How Trump plans to fix the Medicare appeals process

President Donald Trump included proposals to fix the Medicare appeals process in his fiscal year 2018 budget released Tuesday.

The budget calls for investing $1.3 billion over 10 years to address the backlog of Medicare appeals. In addition to the funding, the budget states that HHS is exploring ways to revamp the appeals process to ensure appeals are addressed as early as possible.

"These changes will make the appeals system easier to navigate, increase adjudicatory capacity to address incoming annual receipts and reduce backlogged appeals pending at the Office of Medicare Hearings and Appeals and the Departmental Appeals Board," states HHS' budget in brief. "The department is committed to work with Congress to address the Medicare appeals backlog."

Specific reforms to the Medicare appeals process outlined in President Trump's fiscal year 2018 HHS budget include remanding an appeal to the first level of the appeal process when new evidence is submitted, increasing the amount in controversy required for adjudication by an administrative law judge and allowing the Office of Medicare Hearings and Appeals to issue decisions without holding a hearing when neither side disputes the facts in the appeal.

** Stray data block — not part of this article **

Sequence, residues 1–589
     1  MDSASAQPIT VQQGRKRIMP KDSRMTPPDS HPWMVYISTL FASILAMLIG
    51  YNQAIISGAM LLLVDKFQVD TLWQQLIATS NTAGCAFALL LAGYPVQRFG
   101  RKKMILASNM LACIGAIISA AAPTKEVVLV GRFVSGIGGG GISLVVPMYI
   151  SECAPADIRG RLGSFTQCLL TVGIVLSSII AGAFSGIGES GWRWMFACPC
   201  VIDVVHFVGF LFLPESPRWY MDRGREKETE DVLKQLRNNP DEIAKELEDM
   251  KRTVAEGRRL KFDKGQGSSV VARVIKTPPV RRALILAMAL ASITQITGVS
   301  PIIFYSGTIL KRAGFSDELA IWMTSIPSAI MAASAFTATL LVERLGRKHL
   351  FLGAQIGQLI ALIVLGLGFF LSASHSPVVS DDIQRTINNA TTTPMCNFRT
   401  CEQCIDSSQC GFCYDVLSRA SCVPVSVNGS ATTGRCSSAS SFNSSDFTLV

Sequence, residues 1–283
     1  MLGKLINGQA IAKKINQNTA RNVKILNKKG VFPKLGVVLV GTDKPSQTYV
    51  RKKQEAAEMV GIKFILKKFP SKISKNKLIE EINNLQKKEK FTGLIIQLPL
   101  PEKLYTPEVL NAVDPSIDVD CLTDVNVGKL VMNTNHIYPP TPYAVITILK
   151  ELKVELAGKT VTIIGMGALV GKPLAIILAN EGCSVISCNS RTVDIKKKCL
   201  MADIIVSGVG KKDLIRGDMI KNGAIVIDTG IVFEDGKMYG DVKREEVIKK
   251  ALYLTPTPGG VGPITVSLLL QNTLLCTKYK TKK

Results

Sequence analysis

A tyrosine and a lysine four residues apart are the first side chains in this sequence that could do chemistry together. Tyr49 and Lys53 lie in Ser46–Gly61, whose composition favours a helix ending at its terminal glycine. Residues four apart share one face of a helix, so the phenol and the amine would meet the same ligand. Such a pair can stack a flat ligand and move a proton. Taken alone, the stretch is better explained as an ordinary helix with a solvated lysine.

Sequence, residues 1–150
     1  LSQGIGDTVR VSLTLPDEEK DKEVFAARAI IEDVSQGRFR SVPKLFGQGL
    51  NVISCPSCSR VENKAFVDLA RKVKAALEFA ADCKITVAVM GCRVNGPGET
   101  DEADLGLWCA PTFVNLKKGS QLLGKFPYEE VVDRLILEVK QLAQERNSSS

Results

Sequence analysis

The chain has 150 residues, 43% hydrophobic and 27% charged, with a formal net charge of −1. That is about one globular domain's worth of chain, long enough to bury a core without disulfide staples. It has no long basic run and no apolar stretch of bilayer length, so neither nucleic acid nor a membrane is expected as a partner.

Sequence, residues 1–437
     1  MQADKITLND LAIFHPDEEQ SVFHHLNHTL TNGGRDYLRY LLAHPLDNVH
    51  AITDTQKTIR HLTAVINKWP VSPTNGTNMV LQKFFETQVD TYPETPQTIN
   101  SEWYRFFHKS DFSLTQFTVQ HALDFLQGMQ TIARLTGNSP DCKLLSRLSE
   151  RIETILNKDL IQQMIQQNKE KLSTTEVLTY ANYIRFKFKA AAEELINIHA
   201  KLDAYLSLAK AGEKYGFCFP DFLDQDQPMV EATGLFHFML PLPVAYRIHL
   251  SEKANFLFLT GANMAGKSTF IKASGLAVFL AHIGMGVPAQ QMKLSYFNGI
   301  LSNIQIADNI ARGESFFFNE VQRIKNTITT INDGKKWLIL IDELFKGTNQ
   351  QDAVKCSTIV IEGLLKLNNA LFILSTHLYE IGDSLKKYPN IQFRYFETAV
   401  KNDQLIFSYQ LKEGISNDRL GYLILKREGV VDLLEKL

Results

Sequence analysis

Federal law requires OMHA to hear appeals within 90 days, but it currently takes OMHA about 1,000 days to adjudicate some appeals, according to the budget in brief.  

The American Hospital Association sued HHS over the Medicare appeals backlog in 2014, and a federal judge granted the AHA's motion for summary judgment in the case last year. The judge ordered HHS to incrementally reduce the backlog of appeals pending before OMHA over the next four years, reducing the backlog by 30 percent by the end of 2017; 60 percent by the end of 2018; 90 percent by the end of 2019; and to completely eliminate the backlog by Dec. 31, 2020.

In March, HHS said in a court filing that it will not be able to meet the deadlines imposed by the court for clearing the appeals backlog. HHS appealed the order to clear the backlog, and an appellate court recently heard oral arguments in the case.

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